9. Forgetting to use images or diagrams

Some readers are visual, so images and diagrams can enhance the reader’s understanding of your topic. Visuals also help to break up large chunks of text. It’s a good idea to use at least one image or diagram per blog post.

10. Not tying into your brand

Every blog post is an opportunity to reinforce your brand by portraying your company’s approach to business or your “brand essence”. Be sure the topic and your post are in alignment with the way you do business.

 

I hope these tips are helpful to those struggling with writing blog posts. You may also enjoy – 5 ways to generate blog post ideasHow to set up a simple blogging schedule21 blog post ideas for small business owners

Hi, I’m Lyndall Guinery-Smith, The Professional Writer. I write copy dedicated to attracting and engaging your ideal clients … and improving your bottom line. I happily work with clients all over Australia. Email me to arrange an obligation-free discussion about your latest project. Or if you’d like to learn how to connect with your audience and build your business, why not input your email address and receive my regular marketing updates in your mailbox? You can sign up for our mailing list at the base of the Home Page on www.ProfessionalWriter.com.au.

How to use website content to generate sales, web content, professional writer for web content

10 ways your website content can generate sales

Your website content has the power to make sales. Yes indeed, it does!

Did you know that up to 75% of a new customer’s buying decision is already made by the time you speak with them or interact with them? The customer’s perception of your business, which is most often based on either word-of-mouth or a Google search, is a major influence on their buying decision.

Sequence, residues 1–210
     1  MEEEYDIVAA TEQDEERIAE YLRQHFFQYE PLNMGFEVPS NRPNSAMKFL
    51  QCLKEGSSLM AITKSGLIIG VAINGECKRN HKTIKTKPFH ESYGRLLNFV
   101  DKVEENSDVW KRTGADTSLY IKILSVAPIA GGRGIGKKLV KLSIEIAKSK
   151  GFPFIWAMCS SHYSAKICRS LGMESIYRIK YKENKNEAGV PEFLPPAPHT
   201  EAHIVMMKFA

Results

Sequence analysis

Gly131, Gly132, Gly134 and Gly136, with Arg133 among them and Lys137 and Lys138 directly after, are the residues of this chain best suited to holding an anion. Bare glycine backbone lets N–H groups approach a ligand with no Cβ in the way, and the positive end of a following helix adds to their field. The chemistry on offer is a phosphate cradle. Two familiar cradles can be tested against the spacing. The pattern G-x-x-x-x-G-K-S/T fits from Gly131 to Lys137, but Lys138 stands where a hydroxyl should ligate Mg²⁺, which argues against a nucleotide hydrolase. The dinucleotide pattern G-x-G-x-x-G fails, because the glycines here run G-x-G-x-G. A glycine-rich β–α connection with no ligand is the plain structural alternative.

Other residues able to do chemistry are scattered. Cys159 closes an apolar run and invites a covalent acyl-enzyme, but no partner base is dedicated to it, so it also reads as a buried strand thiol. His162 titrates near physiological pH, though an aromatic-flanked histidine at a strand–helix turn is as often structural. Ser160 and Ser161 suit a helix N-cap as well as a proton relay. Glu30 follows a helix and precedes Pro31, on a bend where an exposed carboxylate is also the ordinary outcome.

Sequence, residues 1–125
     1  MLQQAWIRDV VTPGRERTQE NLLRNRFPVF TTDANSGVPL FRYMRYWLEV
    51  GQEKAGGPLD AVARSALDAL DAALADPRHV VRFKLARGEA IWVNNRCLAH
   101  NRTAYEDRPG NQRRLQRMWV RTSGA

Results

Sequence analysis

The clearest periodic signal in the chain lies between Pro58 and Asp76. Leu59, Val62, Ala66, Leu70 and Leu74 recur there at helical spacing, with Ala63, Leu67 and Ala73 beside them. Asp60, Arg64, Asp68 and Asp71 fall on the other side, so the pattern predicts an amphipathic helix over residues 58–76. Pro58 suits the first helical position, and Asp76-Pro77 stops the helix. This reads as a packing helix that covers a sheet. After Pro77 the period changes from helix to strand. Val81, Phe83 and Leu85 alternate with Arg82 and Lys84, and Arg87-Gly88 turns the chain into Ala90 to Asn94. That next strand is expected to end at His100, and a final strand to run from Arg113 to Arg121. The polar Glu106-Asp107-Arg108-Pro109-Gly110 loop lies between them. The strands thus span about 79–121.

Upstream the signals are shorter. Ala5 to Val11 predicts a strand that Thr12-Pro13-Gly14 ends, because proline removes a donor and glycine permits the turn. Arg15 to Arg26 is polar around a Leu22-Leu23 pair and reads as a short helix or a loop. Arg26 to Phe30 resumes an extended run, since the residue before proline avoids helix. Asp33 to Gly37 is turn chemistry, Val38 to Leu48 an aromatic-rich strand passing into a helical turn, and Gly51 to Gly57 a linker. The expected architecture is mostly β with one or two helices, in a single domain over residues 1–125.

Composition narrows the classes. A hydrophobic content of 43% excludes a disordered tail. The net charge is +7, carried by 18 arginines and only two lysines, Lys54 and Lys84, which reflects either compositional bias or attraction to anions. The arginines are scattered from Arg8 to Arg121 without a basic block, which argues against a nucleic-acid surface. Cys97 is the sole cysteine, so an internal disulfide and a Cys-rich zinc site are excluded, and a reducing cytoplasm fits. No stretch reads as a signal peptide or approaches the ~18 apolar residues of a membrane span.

While the quality of your product or service and your relationship with current customers will influence word-of-mouth, your online presence, and the way it shapes your customers’ perception of your business, is more important than ever. Prospective customers want to know what they’re buying and who they’re buying from. Buyers are more educated than ever before, so your website content must inform, educate and guide them in their buying decision.

Go ahead, cast a critical eye over your website content, and ask yourself:

  • What do our readers want to know? What are they looking for on our site?
  • Is this information easy for them to find?
  • What does our About Us page say about us?
  • Is our website content interesting, informative and educational?
  • Does our content guide and influence customers to buy from us?
  • Could we be making more sales from our website?
  • Does our website appeal to customers or does it make them click away?

Here are 10 ways your website content can help generate sales:

  1. Your customers want to know about you

Your website content offers the opportunity for reader to know, like and trust you. This is vital in establishing a business relationship. Does your About Us page accurately portray the essence of your brand?

  1. Tell your story

Does your About Us page accurately portray your brand story and help you stand out? The About Us page is an opportunity to use your story to connect with your ideal clients. When you express yourself in a genuine, authentic way, customers will learn your story and brand personality, and this forms a connection with those ideal customers.

  1. Building a foundation

Your website content is often the first step in building relationships with your customers. Great content provides the opportunity to provide customers with great information about what you do and how you do it, and give them a reason to buy from you or return.

  1. Show what you can do

Your website content allows you to clearly demonstrate that you have the skills, products and services your customers require. Your navigation clearly laid out, so readers can find the information they require with ease – and come to you, ready to buy.

  1. Show the benefits of doing business with your organisation